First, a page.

Marriage Penalty Can Be Painful For High-Income LGBT Couples Tax Bills

Taxes

As a gay financial planner, I am fortunate to offer financial planning guidance to many LGBT couples. Achieving marriage equality has been great for the LGBT community, in my opinion. From a tax planning standpoint, getting legally married may greatly increase the tax bills for gay and lesbian married couples. The US tax code is not particularly friendly to couples where both spouses work, have high incomes in high cost-of-living areas (or high tax states), without children. 

With the various marriage penalties in the tax code, tax planning is imperative for middle-to-high-income LGBT couples. Paying more in taxes than is necessary is not fun. Similarly, getting hit with a surprise tax bill is a great way to ruin your day.

From my household to yours, here are a few things you should do now to be tax-wise this season and in the future.

LGBT Couples Need Tax Planning

Many people only think about their taxes when they are forced to by IRS tax filing deadlines, likely just once per year. Before marriage equality, LGBT couples didn’t even have to talk taxes with each other this often. Work with your spouse and proactively plan to minimize your taxes, especially if one or both of you are self-employed, a business owner, or have equity compensation (think stock options, RSUs, etc.).

To help your household pay the least amount of taxes over time, LGBT married couples should function as a teamTo do this efficiently, gay couples must talk about money, talk openly about money, and often talk about money. Talking about money and taxes may not be fun, but let me tell you, large tax bills are not fun either. This goes beyond how to split the cable and electric bills.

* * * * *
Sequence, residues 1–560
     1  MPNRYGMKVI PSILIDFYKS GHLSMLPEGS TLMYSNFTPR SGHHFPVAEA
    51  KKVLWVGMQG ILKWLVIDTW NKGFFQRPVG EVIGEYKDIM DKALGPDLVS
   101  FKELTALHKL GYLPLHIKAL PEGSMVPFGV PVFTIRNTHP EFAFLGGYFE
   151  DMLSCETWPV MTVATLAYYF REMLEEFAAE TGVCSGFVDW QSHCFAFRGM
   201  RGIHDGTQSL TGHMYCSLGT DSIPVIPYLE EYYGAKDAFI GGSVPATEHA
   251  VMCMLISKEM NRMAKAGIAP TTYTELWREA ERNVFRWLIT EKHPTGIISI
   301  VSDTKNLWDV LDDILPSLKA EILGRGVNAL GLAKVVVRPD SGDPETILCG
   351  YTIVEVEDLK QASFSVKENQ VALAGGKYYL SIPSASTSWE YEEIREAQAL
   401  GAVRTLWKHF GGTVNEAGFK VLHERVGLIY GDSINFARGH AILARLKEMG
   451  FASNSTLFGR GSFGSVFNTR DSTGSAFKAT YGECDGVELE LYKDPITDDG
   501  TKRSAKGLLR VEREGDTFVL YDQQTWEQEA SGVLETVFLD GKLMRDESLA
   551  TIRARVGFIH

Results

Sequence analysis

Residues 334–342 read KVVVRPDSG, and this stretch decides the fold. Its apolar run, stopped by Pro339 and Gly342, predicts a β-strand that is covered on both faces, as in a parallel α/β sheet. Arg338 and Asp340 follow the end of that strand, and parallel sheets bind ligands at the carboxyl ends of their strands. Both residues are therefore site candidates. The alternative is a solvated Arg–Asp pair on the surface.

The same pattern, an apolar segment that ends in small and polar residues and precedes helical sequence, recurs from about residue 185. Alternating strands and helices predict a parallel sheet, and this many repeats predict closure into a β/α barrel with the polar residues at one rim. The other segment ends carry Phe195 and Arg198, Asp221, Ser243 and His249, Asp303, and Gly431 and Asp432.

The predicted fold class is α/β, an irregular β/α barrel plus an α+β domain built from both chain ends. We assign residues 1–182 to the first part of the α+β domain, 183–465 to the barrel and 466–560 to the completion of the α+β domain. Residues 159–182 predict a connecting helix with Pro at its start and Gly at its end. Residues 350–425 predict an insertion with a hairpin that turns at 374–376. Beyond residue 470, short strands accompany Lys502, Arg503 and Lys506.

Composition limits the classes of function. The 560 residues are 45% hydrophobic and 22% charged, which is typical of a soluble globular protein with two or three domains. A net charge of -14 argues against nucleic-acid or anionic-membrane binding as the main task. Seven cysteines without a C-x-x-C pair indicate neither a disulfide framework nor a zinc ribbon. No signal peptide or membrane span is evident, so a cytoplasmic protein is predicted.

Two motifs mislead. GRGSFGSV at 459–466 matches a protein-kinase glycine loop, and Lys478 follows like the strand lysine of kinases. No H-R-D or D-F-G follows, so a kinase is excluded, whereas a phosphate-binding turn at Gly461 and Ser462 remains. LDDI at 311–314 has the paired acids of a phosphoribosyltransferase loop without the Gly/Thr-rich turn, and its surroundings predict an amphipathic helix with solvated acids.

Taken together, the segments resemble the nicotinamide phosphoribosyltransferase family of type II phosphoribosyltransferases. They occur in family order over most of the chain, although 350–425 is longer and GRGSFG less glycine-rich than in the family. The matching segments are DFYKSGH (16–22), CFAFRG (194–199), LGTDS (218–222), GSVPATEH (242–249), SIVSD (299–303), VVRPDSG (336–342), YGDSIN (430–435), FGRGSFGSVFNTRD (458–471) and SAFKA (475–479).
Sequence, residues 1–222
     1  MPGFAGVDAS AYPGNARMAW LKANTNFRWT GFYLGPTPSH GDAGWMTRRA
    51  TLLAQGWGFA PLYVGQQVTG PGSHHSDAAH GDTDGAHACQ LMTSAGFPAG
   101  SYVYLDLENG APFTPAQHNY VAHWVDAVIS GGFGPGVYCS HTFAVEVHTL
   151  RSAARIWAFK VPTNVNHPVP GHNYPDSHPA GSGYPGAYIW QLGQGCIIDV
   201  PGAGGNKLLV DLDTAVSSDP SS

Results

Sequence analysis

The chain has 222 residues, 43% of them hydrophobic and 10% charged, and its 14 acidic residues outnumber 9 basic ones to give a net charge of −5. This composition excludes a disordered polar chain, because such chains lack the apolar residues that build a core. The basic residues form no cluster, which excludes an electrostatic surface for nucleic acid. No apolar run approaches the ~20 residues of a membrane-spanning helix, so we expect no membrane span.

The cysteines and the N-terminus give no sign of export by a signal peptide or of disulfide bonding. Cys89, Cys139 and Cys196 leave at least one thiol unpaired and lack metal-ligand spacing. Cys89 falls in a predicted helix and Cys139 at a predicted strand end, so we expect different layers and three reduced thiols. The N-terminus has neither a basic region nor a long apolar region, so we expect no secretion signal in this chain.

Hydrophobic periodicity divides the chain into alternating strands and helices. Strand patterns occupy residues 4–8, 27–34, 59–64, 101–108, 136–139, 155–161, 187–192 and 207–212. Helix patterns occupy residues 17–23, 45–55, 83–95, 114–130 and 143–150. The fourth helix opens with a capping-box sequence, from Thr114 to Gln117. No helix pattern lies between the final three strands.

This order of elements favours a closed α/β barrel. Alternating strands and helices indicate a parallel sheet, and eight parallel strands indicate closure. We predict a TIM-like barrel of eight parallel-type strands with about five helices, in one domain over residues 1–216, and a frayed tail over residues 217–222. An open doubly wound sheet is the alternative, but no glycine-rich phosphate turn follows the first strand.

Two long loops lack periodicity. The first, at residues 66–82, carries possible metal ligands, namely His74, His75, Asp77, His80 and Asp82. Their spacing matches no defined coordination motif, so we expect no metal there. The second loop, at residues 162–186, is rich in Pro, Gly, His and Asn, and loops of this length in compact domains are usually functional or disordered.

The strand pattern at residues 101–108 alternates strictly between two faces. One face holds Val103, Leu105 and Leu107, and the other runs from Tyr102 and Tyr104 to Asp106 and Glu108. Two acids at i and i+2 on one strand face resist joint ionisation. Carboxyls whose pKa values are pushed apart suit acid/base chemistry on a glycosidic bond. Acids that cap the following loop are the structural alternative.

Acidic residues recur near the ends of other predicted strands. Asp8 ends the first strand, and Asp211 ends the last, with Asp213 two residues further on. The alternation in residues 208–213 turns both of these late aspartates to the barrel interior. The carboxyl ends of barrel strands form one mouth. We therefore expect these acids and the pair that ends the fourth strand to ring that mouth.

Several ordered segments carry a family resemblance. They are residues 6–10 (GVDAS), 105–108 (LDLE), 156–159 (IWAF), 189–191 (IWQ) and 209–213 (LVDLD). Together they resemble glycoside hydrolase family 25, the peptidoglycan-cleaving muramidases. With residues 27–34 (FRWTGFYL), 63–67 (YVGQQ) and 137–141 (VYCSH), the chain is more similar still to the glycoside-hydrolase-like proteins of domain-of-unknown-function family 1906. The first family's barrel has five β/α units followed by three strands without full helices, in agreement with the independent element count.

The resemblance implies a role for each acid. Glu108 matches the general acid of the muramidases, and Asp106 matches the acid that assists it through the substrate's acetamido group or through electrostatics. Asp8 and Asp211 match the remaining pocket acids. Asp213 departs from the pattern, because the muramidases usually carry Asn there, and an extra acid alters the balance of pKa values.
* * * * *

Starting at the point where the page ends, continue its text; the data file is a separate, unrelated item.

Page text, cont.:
I can hear you groaning through the computer. I get it. Thinking about taxes once per year is stressful enough. But when it comes to the marriage penalty hitting same-sex couples’ wallets, ignoring your taxes is not blissful. As a little extra motivation, saving money on taxes may be the difference between being able to afford that bucket list gaycation you have been dreaming of or writing a big check to the IRS.

Hopefully, you are working with a fabulous gay financial planner who is helping make this process easier while minimizing your taxes in a fabulously easy manner. Keep reading to see a few of the ways the marriage penalty smacks the finances of gay couples.

The ‘Marriage Penalty’ Is Rough For Many Gay Couples

Over the past 18 years helping gay couples with tax planning and financial planning, I have seen many LGBT couples get slapped with a high tax bill from the marriage penalty. While the marriage penalty can hit all couples, it can be rough for high-earning LGBT couples. Much of the tax code is designed to benefit the Ozzie and Harriet nuclear family, where one spouse stays home and raises multiple children. Yes, I am aware many same-sex couples have children, but parenting is still less common in the gay community. Gay and Lesbian couples are more likely to be double income and tend to live in more expensive parts of town (on average, of course).

LGBT Marriage Penalty Tax Brackets

Two high incomes and no kids can lead to some tax nightmares, especially when the incomes are via salaries (reported on your W-2). It would take an income of $518,401 for a single person to enter the highest federal tax bracket (37% in 2021). In contrast, a married couple enters the highest federal tax bracket at $622,051 of income. Depending on how your income is split, most LGBT high-earning couples will pay more federal income taxes as married versus single. 

For those living in high tax states like California, the marriage penalty will likely carry through to your state taxes as well.

Looking ahead, most of the tax proposals from President Biden would exacerbate the marriage penalty for a household with a combined income of more than $450,000. At this point, we are still talking about proposed tax changes, so no need to freak out yet.